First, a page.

The Great New Orleans Gun Grab by Gordon Hutchinson and Todd Masson should be a must-read for all gun owners, not only because of the troubling issues it portrays but because it can help get people into the right mind-set for the aftermath of a natural disaster on the scale of Hurricane Katrina.

I knew a lot of what went down in the streets of the flooded city in late summer 2005, but my eyes were bugged as I read this book. Really, events should shock and outrage all Americans, not just gun owners. Anyone who owns a home and anyone who believes in personal liberty should be deeply disturbed by what government officials did (and did not do) during a huge disaster that should not have been completely unexpected.

After the hurricane hit and the levees were breached and overtopped, the city was cast into general chaos. Many people had been unwilling or unable to leave, and without power or assistance they were left to fend for themselves. Some, realizing how things were going to unfold, had a change of heart and decided to make a run for it.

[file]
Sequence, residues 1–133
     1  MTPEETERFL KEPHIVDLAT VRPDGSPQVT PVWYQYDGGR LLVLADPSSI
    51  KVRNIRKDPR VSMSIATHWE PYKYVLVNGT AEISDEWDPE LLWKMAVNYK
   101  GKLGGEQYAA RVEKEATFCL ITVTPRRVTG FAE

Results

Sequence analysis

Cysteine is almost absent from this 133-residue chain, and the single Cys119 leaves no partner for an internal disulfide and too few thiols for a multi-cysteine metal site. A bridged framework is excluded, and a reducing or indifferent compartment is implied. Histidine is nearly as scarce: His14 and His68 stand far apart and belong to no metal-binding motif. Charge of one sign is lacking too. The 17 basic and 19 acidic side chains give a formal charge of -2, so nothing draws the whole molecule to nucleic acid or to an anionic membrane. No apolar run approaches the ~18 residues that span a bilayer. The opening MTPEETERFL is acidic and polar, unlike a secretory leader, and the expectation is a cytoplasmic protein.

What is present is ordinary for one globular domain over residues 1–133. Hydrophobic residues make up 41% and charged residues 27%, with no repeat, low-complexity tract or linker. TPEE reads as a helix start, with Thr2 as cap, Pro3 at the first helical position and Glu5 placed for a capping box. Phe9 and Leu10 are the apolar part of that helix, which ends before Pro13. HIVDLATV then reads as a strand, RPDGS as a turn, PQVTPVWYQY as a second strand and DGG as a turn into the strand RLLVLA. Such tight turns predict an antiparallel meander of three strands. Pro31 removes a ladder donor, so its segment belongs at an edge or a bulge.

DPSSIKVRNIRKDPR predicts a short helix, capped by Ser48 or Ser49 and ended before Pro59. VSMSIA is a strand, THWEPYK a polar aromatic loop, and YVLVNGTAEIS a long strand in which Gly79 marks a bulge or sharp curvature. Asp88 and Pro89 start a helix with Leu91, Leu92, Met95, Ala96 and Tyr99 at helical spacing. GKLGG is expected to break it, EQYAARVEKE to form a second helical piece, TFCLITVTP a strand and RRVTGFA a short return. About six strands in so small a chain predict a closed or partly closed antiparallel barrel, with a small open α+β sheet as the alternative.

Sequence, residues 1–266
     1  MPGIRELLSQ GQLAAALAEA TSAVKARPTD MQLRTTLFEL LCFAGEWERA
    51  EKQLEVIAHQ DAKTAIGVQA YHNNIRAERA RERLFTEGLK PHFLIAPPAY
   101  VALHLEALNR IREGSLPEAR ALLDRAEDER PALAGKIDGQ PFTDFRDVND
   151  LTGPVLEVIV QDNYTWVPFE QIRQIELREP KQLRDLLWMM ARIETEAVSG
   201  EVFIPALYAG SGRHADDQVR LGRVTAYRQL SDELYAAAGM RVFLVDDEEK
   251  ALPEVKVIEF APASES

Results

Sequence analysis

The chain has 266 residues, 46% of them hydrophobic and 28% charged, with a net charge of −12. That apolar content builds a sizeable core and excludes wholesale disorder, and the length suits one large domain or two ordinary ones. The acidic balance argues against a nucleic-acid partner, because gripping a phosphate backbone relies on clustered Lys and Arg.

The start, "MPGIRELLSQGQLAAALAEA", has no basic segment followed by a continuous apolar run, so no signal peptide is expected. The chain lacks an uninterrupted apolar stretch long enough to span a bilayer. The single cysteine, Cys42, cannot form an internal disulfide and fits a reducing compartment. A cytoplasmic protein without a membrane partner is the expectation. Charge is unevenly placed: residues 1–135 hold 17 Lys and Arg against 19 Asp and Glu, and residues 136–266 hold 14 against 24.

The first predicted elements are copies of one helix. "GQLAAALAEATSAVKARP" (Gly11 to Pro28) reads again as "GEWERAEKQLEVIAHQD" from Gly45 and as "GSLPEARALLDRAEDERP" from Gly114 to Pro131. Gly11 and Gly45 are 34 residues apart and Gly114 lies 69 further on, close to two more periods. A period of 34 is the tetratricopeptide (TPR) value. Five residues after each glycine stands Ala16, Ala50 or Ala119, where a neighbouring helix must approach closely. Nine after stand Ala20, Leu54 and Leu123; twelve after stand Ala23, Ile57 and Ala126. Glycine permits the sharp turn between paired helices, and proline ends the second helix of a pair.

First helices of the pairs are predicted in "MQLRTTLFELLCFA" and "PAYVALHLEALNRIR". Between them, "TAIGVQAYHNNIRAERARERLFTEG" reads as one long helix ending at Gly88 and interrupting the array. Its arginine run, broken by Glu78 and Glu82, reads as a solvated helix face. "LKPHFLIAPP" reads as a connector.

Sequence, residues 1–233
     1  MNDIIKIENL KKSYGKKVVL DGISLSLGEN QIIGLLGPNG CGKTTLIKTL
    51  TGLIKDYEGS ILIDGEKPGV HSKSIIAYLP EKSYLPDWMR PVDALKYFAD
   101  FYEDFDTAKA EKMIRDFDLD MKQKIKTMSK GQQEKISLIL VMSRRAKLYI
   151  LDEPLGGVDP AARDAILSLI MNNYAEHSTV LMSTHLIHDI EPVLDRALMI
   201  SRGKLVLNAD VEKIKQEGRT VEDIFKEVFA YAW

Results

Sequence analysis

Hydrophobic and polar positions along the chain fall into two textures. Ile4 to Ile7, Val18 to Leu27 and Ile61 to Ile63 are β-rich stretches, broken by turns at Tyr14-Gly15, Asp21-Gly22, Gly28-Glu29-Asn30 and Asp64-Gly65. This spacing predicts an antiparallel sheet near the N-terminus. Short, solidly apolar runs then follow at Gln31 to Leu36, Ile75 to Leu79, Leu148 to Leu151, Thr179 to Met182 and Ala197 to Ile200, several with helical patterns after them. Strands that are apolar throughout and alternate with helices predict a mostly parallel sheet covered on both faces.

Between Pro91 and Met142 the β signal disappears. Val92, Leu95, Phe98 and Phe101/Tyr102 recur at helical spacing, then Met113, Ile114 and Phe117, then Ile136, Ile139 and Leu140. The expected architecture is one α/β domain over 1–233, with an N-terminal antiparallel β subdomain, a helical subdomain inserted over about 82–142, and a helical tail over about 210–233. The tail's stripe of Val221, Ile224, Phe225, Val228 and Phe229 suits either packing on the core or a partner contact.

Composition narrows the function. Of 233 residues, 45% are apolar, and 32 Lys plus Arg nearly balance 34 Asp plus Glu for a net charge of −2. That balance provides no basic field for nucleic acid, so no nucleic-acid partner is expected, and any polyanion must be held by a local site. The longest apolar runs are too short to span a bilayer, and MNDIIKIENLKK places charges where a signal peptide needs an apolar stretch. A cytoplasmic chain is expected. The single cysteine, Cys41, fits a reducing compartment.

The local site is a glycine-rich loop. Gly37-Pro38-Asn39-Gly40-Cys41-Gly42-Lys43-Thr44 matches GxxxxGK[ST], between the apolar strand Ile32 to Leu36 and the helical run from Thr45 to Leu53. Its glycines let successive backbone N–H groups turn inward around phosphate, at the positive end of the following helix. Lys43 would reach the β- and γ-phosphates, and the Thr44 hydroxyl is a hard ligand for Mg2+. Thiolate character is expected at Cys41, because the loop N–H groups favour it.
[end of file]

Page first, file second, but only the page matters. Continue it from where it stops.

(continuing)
A couple of families banded together, and two women were quite disturbed that one of the men had brought some firearms with him. As they loaded the van they would use for their run for safety, a band of looters approached down the street. The man gave his 12-year-old son, familiar with guns, a rifle.

“Stand here,” he ordered, placing him at the rear of the van. “Guard us.”

He left the boy, the rifle held at port arms across his chest, a young conscript in the Katrina War. He went to the front and out into the Street, checking the situation. He then went back inside.

The van pulled into the street, and three looters ran up, sloshing through the water, surrounding the front of the van, cursing, yelling for everyone to get out. The one on the passenger side stood against the door, pushing his head and upper torso through the window, almost climbing into the front seat. He twisted left to see who was in the van, saw the women in the middle seat. He then looked past them through the rear window, at the boy at the back of the van with the rifle.